LAS VEGAS — Wyoming looked like a team ready to exorcise some demons.
For a while, Justin James looked more like the player that’s led the Mountain West in scoring all season. Hunter Thompson had his most productive offensive night since before Christmas. And the Cowboys even held a rare halftime lead in a building that’s haunted them for the better part of two decades.
But Saturday’s game against UNLV ultimately turned out to be more of the same for the visitors.
The Runnin’ Rebels outscored Wyoming 38-24 in the second half to run away with a 68-56 win at the Thomas & Mack Center. UNLV led by as many 16 in sending the Cowboys to their fifth loss in six games and seventh in their last nine.
It’s also Wyoming’s 17th straight regular-season loss to UNLV (8-6, 2-0 MW) at the Thomas & Mack, a place in which the Cowboys (4-11, 0-2) haven’t beaten the Runnin’ Rebels since 2003.
“I just thought we kind of wilted a little bit whether it was fatigue or whatever,” Wyoming coach Allen Edwards said. “I just thought we played like 27 or 28 minutes of basketball and couldn’t sustain it for 40 minutes.”
James and Thompson gave Wyoming a chance for a while. James had 15 points while Thompson led the Cowboys with 17 points — his first game in double figures since going for 25 against East Tennessee State on Dec. 21.
But the duo combined for just five points in the second half, and only one other player for Wyoming — freshman Trace Young (10) — finished in double figures. Meanwhile, the Cowboys had no answer for UNLV freshman forward Joel Ntambwe, who went 11 of 17 from the field and 3 of 5 from 3-point range as part of a 31-point, 10-rebound effort.
Wyoming led 32-30 at the break and extended the lead early in the second half with buckets from James and Thompson, but Ntambwe scored eight straight points to ignite a 10-0 spurt that put UNLV ahead for good.
The Cowboys went 8 minutes, 31 seconds without a basket until A.J. Banks’ steal and ensuing dunk with 10:22 left ended a 20-2 run for UNLV that extended the advantage to double digits.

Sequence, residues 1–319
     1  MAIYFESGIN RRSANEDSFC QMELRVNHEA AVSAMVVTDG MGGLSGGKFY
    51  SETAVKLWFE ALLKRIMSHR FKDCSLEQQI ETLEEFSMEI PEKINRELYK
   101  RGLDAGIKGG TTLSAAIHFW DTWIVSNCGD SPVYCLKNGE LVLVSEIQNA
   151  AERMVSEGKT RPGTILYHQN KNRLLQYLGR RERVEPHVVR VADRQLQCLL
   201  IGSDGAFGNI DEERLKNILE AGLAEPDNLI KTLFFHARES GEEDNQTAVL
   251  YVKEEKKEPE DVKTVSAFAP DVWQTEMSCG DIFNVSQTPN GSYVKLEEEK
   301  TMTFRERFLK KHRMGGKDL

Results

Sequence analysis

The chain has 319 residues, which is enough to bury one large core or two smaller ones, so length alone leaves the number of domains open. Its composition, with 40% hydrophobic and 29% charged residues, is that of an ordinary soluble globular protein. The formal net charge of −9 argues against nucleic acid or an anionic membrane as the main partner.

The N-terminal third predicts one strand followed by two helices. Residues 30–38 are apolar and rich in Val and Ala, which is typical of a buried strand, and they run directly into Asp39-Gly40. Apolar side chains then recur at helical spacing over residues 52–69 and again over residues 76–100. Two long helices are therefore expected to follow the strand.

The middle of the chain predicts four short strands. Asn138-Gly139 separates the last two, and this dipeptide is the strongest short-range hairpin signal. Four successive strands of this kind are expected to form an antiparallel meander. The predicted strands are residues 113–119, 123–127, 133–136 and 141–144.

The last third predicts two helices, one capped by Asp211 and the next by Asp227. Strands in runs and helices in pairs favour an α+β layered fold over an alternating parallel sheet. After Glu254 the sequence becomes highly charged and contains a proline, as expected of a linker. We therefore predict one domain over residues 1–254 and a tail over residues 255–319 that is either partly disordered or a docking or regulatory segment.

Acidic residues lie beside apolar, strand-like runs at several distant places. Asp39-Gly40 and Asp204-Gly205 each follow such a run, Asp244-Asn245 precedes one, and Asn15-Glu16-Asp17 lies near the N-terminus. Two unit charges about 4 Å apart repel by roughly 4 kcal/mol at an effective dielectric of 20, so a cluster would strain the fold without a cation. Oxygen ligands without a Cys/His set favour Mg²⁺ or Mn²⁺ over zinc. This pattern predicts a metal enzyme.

In the middle of it all was another injury — one the Cowboys frankly can’t afford. James came up limping early in the second half after rolling his ankle, prompting Edwards to immediately call a timeout in order to give his star player some time to try to shake it off.
“It was a little tweak,” said James, who also had an ice pack on his left shoulder after the game. “I’ll be fine.”
James stayed in the game but was largely ineffective between the hobbled ankle and the extra defensive attention he usually draws, taking just four shots in the second half and missing nine of his last 10 attempts. James, who also had five turnovers and four assists, finished 5 of 16 from the field and is shooting less than 22 percent over his last five games for the Cowboys, who shot just 33 percent in the second half after knocking down half their shots in the first.
“I turned around and looked the other way to be honest with you,” Edwards said. “It was the ankle, and then he did something to his shoulder, too. … But he’s a tough kid, and he’s a competitor at the end of the day.”
Wyoming also didn’t improve in the turnover department. Averaging nearly 18 over their last four games, the Cowboys committed that many leading to 23 points for UNLV. Wyoming forced the Runnin’ Rebels into 17 turnovers but scored just 12 points off of them.
Wyoming’s halftime lead was its first since its 86-78 win over Grambling back on Nov. 14 thanks to the fast starts from James and Thompson.
James knocked down four of his first six shots from the field while Thompson went inside and out to finish the first half with 15 points. The Cowboys’ freshman big was 5 of 8 from the field in opening half and scored 10 straight points at one point, including back-to-back 3s that put Wyoming up 26-21 with 5:10 left before the half.
Wyoming stretched its lead to as many as seven before taking the one-possession lead into the break. But the Cowboys’ season-long issues flared up in the second half to make the final 20 minutes a different story.
“Just a lack of defense,” James said. “We were not keeping the ball in front in our zones, and we weren’t rebounding the ball like we were in the first half. … Us not containing the ball and not rebounding the ball is not a good way to win the basketball game.”